— Shealie Jenkins got off to a rough start during swine showmanship Wednesday at the 95th Routt County Fair in Hayden.

Flower, her brown Duroc, darted into the gate and ran through the middle of the ring, past the event judge, as 14-year-old Shealie chased after.

"I thought, 'Oh no, the judge is going to hold it against me,'" she said about the early mishap in the event, which requires handlers to demonstrate how well they can lead their pigs around the ring.

The judge was lenient. Shealie was awarded sixth place in the intermediate division of a crowded field of swine showmanship competitors. Showing his Duroc named Morgan, her 12-year-old brother, Harry, was awarded third place.

The week's festivities culminate the Jenkins siblings' months of work raising the pigs. Events also included Wednesday evening's swine market - an evaluation of their pigs, Mr. McStifflestumps and Bambi, in addition to Flower and Morgan, overall quality - and Saturday's junior livestock sale.

The work for Shealie and Harry began in April when their father, Tim, bought them each a pink male Hampshire and brown female Duroc at auction in Wyoming. It would be Harry's first time raising pigs and Shealie's second, but not their first experience raising livestock, said their mother, Mary Jenkins. She said the two 4-H members had raised horses on their ranch south of Steamboat Springs since they were 8.

Since the spring, Shealie and Harry have cared for the pigs, which have grown from about 100 pounds to as large as 277 pounds in Bambi's case, the largest of the four. Caring for the pigs included feeding and cleaning them, taking them on walks and training them.

"Being with them all summer, it's been a good experience," Harry said Wednesday afternoon before the swine showmanship competition. "I've learned a lot about pigs through the entire process. : It's a fun thing to do."

Mary Jenkins said it gave her children something to be responsible for.

"At this age, in terms of work ethic, there's nothing better," she said.

She added that raising the pigs and then seeing the fruits of their labor after selling them was a unique experience for Shealie and Harry. Mary Jenkins said profits from the sale would be used to cover the expenses of caring for the pigs and for a college fund.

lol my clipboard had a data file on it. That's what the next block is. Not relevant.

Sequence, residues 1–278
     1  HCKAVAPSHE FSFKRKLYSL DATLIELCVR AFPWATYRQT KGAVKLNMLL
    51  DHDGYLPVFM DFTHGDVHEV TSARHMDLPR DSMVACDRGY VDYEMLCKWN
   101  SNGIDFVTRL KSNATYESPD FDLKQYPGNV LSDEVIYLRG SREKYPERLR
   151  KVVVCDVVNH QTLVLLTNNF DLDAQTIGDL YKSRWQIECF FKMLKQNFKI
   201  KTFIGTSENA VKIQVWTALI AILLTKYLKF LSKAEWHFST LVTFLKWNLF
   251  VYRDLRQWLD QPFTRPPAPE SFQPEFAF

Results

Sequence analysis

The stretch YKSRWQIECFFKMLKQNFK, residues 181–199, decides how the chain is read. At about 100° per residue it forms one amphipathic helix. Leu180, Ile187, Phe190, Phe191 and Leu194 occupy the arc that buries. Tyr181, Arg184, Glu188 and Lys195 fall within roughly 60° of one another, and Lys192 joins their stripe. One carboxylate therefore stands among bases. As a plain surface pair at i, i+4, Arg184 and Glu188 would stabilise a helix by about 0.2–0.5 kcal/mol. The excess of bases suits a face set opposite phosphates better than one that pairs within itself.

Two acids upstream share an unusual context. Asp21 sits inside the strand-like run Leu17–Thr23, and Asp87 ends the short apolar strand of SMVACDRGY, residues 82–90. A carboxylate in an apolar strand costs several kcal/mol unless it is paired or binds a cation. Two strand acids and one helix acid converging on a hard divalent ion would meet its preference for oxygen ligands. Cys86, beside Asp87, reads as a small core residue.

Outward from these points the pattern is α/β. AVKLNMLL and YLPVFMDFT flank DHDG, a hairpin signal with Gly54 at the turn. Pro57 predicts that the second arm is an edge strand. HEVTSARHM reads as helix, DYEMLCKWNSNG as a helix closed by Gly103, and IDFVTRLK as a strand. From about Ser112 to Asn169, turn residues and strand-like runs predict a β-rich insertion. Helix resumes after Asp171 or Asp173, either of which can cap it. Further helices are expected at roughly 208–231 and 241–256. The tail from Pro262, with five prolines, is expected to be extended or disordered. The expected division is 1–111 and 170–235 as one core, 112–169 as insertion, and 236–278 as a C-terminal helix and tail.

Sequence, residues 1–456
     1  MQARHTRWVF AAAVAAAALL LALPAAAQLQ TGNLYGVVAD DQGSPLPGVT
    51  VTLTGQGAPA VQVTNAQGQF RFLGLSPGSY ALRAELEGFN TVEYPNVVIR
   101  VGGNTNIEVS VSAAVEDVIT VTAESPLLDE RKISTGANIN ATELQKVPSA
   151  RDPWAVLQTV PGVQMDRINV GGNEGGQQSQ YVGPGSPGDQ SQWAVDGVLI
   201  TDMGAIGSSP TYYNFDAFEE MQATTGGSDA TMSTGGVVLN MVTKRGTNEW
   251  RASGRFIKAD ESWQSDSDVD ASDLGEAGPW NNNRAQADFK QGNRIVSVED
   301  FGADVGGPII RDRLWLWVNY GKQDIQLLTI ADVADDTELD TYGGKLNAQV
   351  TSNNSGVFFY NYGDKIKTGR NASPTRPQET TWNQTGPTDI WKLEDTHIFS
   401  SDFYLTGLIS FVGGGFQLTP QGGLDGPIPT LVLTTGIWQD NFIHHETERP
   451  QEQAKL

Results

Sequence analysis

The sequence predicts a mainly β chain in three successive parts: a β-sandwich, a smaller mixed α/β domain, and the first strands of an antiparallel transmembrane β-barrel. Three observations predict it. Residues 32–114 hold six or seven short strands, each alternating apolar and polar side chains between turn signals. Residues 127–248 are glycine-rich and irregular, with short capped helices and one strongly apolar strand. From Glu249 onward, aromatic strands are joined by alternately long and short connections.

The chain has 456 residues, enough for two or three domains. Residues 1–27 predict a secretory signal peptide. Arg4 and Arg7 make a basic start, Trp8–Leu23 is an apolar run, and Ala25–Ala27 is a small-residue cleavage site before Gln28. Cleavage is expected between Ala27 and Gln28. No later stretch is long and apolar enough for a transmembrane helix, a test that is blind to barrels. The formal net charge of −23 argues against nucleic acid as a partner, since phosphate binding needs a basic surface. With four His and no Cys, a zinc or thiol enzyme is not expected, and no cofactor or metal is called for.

Earlier Wednesday, the two children spent time preparing their pigs for swine showmanship and the market by shaving and washing them. At times, the pigs seemed agitated getting their haircuts, but Harry said they didn't mind.

"They like it," he said. "It's almost like a massage to them, with the vibrating of the clippers on their skin."

Shealie and Harry were hopeful, then, that their work would pay off, because they were competing against so many other children in swine showmanship.

Routt County 4-H Extension Agent Jay Whaley said this year's field, at 66 competitors in the senior, intermediate and junior divisions, was "way up" compared with last year's. He wasn't sure why but speculated that more people wanted to get involved in 4-H.

Whaley added that the turnout for swine showmanship, which "really highlights the kids and how hard they've worked throughout the year," was also very good.

"There's more than parents and grandparents here," he said. "I look through the crowd and see community people who just enjoy watching the kids."

Realizing their summer experience raising and caring for Flower, Bambi, Morgan and Mr. McStifflestumps was nearly over, Shealie and Harry admitted they were apprehensive about selling their pigs Saturday.

Harry said it was "kind of hard giving them up because you get a little bit attached," but said he would be OK if he raised pigs next year. Shealie said it was harder than that for her.

"Last year, I was crying," she said, remembering moments after the livestock sale. "You're sad because you're saying goodbye to the pig and you watch it get on the truck to be processed. Last year, it was hard for me. This year it's going to be hard, too."

Despite what they anticipate will be a difficult Saturday, after being awarded their ribbons, Shealie said raising the pigs was "definitely worth it." Harry said he had a good time this summer.

"I think it's been a real good experience, the whole thing," he said. "I wasn't sure about the project going in. I hope I get to do it next year."